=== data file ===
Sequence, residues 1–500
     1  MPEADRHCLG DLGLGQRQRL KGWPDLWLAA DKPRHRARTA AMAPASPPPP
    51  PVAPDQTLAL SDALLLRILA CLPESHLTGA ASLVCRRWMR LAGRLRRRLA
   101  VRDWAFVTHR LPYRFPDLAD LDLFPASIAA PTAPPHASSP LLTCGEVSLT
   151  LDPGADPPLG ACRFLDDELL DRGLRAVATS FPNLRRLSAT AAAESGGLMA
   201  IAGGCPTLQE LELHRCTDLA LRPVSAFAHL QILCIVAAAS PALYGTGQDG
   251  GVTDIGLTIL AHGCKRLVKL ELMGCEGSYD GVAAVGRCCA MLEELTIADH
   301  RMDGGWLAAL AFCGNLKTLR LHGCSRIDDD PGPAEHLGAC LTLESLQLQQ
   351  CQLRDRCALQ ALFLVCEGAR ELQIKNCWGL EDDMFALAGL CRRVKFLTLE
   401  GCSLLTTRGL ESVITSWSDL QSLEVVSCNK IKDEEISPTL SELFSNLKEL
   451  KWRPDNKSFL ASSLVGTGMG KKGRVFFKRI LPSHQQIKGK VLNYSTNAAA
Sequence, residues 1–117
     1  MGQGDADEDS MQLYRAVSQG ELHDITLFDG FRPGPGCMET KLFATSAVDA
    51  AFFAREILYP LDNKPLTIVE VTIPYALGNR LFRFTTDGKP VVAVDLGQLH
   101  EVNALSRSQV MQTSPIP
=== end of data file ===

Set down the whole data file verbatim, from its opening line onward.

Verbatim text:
Sequence, residues 1–500
     1  MPEADRHCLG DLGLGQRQRL KGWPDLWLAA DKPRHRARTA AMAPASPPPP
    51  PVAPDQTLAL SDALLLRILA CLPESHLTGA ASLVCRRWMR LAGRLRRRLA
   101  VRDWAFVTHR LPYRFPDLAD LDLFPASIAA PTAPPHASSP LLTCGEVSLT
   151  LDPGADPPLG ACRFLDDELL DRGLRAVATS FPNLRRLSAT AAAESGGLMA
   201  IAGGCPTLQE LELHRCTDLA LRPVSAFAHL QILCIVAAAS PALYGTGQDG
   251  GVTDIGLTIL AHGCKRLVKL ELMGCEGSYD GVAAVGRCCA MLEELTIADH
   301  RMDGGWLAAL AFCGNLKTLR LHGCSRIDDD PGPAEHLGAC LTLESLQLQQ
   351  CQLRDRCALQ ALFLVCEGAR ELQIKNCWGL EDDMFALAGL CRRVKFLTLE
   401  GCSLLTTRGL ESVITSWSDL QSLEVVSCNK IKDEEISPTL SELFSNLKEL
   451  KWRPDNKSFL ASSLVGTGMG KKGRVFFKRI LPSHQQIKGK VLNYSTNAAA
Sequence, residues 1–117
     1  MGQGDADEDS MQLYRAVSQG ELHDITLFDG FRPGPGCMET KLFATSAVDA
    51  AFFAREILYP LDNKPLTIVE VTIPYALGNR LFRFTTDGKP VVAVDLGQLH
   101  EVNALSRSQV MQTSPIP